The Need for User Context in Mobile Apps
Between Google Play and Apple’s IOS App Store, there are almost 2 million apps available on the two most popular mobile platforms. However, only a handful of these apps take advantage of the user’s context to provide the richest possible experience. By context I mean “that which surrounds, and gives meaning to, something else,” as defined by Hyper Dictionary.
For mobile apps this would mean displaying different data or functionality based on many different factors, such as your location, time of day, or previous behavior. The Android tablet app Chameleon Launcher is a good example of making context integral to the product’s purpose.
Chameleon is based on the idea that your tablet can be used for different purposes based on where you are or the time of day. For example, in the morning you can have a custom desktop that displays the following information: local news, weather, traffic, etc. During the afternoon at your office, another customizable desktop could display work email and calendars, a customized stock feed, industry news feed, and others.
The type of desktop is determined by any combination of the following: GPS location, network connection, or the time of day. This focus on context creates a much more personal experience and changes the way the user expects to interact with the tablet.
I have been using Chameleon for about two weeks and love having the information I need most available to me when and where I want it. I would like to see it evolve to a point where it can actually learn from my behaviors and suggest customizations.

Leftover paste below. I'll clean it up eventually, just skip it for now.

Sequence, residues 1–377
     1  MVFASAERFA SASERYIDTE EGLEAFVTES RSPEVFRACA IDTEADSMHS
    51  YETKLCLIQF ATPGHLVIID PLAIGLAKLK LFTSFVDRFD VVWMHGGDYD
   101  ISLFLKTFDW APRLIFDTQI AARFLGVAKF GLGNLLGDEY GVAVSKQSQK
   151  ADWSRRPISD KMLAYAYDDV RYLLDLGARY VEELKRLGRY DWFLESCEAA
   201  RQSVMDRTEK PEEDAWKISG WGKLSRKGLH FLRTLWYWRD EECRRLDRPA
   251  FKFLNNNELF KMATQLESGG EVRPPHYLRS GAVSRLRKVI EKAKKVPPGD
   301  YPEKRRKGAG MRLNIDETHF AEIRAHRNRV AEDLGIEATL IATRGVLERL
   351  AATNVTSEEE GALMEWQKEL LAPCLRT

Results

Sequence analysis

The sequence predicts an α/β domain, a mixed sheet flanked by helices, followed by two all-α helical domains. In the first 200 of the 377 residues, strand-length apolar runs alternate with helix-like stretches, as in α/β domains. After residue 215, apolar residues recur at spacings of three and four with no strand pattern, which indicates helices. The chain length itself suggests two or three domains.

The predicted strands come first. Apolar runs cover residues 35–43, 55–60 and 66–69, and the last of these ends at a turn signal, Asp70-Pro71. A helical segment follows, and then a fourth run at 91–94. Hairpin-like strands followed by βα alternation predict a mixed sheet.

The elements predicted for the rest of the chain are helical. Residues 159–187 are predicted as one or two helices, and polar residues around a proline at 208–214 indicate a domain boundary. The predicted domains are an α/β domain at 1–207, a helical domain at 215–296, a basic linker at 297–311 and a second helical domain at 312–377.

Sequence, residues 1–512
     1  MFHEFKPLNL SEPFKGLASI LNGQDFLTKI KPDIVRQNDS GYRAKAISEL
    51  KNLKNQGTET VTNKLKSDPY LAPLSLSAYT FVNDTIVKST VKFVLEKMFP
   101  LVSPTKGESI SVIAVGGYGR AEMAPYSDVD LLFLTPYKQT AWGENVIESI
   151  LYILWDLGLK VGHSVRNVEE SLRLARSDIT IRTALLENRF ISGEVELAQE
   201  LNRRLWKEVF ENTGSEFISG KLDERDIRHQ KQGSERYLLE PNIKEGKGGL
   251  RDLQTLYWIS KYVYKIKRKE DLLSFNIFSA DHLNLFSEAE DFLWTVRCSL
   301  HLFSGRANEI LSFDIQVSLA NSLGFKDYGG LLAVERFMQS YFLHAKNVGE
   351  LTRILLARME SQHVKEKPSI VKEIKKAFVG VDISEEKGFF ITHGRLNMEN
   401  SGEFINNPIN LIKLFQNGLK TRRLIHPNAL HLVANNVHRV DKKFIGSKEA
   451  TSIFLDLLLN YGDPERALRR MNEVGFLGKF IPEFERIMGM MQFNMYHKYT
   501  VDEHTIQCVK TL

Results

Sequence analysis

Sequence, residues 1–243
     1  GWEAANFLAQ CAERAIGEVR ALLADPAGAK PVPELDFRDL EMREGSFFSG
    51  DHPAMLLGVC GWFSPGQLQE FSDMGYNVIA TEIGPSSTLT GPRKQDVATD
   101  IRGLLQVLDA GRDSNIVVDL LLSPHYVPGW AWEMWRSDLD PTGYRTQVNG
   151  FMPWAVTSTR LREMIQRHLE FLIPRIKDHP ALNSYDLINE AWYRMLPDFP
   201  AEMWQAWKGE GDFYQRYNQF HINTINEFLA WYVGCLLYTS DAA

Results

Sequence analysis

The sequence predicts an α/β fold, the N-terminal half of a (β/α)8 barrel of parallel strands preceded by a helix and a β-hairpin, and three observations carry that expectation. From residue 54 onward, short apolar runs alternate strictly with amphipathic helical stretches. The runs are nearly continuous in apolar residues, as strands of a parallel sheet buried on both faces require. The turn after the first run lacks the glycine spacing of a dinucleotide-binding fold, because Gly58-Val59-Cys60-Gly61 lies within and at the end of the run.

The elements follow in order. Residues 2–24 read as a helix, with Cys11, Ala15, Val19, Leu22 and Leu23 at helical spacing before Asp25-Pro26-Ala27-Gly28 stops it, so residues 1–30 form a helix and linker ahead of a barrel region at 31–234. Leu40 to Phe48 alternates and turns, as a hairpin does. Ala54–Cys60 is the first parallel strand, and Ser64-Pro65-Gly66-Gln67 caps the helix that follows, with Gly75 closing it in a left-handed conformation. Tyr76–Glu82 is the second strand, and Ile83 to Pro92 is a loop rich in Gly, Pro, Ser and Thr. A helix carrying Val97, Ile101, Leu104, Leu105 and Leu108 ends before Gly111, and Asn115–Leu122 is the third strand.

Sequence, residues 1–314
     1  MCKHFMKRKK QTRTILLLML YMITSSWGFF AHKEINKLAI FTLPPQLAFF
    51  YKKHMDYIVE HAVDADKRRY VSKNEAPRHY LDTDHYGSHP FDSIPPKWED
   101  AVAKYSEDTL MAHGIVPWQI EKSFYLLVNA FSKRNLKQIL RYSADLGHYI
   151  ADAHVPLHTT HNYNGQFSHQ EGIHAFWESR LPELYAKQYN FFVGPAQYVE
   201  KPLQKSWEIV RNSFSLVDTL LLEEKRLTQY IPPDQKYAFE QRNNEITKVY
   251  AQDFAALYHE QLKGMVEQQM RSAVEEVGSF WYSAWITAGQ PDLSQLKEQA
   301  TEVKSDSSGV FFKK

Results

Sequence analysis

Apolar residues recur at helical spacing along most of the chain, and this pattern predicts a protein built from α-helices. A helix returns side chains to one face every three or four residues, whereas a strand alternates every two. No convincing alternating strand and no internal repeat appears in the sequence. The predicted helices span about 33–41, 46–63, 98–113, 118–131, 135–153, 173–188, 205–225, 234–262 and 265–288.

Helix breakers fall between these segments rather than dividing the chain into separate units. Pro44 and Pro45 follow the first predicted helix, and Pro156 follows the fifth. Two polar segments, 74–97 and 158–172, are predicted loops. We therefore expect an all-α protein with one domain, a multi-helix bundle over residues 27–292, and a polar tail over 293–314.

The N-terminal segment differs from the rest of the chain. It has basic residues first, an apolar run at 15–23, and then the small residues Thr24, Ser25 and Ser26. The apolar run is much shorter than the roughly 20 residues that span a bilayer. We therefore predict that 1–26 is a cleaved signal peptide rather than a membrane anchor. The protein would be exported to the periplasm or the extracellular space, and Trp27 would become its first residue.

Another app moving toward fully integrating context is Disney’s My Disney Experience. Originally released just for the iPhone and iPad, Disney released the Android version in January. The app provides park goers with a variety of features including real-time information about wait times and the ability to make meal reservations. There are hints that the app will provide additional context-based functionality about what is happening immediately around the user.
Application possibilities are endless when you begin incorporating context, but some critics warn of the risks to users' privacy such apps present. Users must be made aware of the apps’ features and agree to any data captured as part of providing enhanced functionality. Our society is becoming much more open to releasing personal information and expects a certain level of profile capturing in order to gain the full personal experience.
Context-enabled functionality is leading the next wave of innovation in app development, and understanding how to build your mobile strategy around it may well determine whether you succeed or fail.